Press conferences are considered to be an essential part of any election campaign. I am not such a big fan, as many national media people are, mainly because they have the potential to go wrong without any apparent justification.
Sitting behind a table at the regional launch of an election campaign, surely nothing can go wrong.
With Manchester being the TV media hub for the North West one of the conference suites at Manchester airport was selected, by the national party, and with Tony Blair firing the starting gun for the election I was primed to organise the event the following day.
On cue at 7am myself and a number of TV engineers arrived at the main concourse of the airport awaiting the Charles Kennedy’s team, who would arrive by private plane from London and other journalists who would arrive later for the main event.
The conference suite was nice, if a little greige, and I set up the party back drop whilst the engineers plugged their cameras into their satellite vans outside the main concourse.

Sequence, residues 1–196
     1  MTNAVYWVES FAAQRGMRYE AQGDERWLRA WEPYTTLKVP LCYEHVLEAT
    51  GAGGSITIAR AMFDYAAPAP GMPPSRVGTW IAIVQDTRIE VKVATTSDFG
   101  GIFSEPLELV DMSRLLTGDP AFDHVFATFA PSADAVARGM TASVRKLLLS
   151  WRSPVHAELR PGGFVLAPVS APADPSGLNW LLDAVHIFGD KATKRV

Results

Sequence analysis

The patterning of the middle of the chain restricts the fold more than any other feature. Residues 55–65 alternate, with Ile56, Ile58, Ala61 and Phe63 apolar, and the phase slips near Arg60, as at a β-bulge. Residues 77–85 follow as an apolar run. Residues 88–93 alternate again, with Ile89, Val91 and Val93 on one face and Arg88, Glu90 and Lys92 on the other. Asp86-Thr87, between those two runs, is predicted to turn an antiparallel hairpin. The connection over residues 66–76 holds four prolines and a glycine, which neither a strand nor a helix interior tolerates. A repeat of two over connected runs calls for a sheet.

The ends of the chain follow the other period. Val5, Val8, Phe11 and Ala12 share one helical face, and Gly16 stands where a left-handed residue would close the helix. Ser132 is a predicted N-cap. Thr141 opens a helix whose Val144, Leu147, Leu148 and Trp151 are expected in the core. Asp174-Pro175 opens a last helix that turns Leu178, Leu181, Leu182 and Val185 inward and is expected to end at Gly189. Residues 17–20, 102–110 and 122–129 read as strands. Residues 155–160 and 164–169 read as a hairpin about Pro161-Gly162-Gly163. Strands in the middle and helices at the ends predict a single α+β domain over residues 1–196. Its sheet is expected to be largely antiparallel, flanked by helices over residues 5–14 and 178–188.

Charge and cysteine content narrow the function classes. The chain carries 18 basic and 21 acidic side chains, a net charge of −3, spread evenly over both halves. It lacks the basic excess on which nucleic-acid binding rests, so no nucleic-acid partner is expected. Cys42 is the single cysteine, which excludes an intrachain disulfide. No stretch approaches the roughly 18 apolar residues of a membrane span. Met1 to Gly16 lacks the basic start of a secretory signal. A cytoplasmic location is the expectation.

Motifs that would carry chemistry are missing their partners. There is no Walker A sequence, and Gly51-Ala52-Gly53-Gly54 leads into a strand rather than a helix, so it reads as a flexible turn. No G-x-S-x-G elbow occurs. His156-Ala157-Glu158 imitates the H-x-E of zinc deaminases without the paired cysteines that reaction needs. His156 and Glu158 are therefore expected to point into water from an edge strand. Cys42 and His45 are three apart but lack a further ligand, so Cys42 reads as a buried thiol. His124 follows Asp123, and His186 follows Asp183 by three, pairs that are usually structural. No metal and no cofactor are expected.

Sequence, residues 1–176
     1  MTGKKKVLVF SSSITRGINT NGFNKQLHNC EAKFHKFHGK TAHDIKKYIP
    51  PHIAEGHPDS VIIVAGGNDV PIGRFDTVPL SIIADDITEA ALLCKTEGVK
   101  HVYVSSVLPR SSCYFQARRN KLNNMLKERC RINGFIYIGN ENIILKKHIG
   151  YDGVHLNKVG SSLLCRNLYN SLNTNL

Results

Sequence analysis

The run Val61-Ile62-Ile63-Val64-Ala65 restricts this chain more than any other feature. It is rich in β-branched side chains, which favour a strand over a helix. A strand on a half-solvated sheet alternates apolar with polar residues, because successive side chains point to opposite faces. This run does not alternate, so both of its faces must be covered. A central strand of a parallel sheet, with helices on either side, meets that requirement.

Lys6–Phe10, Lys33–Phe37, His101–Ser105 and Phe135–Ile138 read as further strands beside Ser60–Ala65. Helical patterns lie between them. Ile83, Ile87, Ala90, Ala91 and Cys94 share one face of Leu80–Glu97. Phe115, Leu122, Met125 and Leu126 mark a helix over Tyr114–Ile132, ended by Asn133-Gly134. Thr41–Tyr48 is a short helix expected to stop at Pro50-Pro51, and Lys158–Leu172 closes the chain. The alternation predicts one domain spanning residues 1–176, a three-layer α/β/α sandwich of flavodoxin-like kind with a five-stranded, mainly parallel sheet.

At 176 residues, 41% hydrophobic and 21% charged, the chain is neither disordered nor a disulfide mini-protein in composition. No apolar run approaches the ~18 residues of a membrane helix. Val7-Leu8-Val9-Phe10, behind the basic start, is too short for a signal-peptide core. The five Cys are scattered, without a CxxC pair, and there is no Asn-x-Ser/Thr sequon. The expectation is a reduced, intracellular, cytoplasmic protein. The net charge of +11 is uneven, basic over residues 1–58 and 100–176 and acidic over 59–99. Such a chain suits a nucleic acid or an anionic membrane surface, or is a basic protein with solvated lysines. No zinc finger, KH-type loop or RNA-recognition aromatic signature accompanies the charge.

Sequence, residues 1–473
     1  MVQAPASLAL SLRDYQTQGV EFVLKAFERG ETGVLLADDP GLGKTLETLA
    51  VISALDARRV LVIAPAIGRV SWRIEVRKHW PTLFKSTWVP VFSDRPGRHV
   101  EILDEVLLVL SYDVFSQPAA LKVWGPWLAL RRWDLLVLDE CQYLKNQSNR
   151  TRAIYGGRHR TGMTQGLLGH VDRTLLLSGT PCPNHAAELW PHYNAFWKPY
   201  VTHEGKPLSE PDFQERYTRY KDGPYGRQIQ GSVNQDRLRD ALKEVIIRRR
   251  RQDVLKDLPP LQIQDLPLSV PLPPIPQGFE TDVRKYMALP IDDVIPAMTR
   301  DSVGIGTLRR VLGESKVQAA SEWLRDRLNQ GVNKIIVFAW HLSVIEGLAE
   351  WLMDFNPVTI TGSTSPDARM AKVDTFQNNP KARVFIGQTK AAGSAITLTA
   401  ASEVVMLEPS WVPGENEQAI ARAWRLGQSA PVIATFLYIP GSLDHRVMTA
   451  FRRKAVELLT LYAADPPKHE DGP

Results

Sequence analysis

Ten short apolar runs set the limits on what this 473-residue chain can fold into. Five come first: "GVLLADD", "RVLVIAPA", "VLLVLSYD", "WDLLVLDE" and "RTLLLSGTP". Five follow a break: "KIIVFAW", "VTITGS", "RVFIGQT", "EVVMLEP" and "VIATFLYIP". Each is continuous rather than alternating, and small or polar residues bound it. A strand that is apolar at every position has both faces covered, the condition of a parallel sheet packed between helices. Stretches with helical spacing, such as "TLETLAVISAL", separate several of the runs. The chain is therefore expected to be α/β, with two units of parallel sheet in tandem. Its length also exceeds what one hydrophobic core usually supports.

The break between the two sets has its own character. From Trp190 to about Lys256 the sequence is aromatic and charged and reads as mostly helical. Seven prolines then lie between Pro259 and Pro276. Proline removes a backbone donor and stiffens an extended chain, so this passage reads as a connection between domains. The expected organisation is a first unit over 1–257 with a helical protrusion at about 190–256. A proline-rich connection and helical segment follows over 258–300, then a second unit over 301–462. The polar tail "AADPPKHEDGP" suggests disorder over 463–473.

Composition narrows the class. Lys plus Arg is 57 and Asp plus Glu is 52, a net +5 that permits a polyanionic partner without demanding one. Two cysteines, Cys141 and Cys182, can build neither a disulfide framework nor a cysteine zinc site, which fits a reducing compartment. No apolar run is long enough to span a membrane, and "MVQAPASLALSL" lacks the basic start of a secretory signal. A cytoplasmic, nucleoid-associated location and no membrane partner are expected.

After about thirty minutes of discussion and heaving of equipment one engineer, from BBC News, who was planning to run a live feed sat down and made a phone call explaining that the kit he had brought would not do the job.
Another van was despatched from BBC Manchester and, having at least another hour before the press conference started, began to set up once again.
Our advanced team arrived, including Daisy Sampson, and ‘asked’ how things were progressing. I explained that we, the Liberal Democrats, were ready but that the BBC seemed to be having a slight issue. Having been given the rather curt response, ‘get it sorted!’ I duly went to the BBC team and asked what I could do to help.
He said, ‘next time you have press conferences please have them somewhere where we can get to.’
Receiving a bemused look he replied, ‘the problem is you have arranged your press conference 110 metres away from the closest point that we can park our satellite van, and as such our cable is approximately 10 metres too short for the job. In fact we don’t have any cables that long so we are just going to have to record it and use it later.
It is fair to say that the national team were not impressed with this information and after a show and tell exercise with myself and the BBC engineer, and much shouting from the said national representative I explained that she should get over it and try deal with the people who could cover it, namely those recording and those writing. This did not go down well.
Nonetheless it is excellent advice from the BBC team. The answer to the question, ‘how long is a piece of string,’ is ‘if it’s the BBC it’s 100 metres exactly.’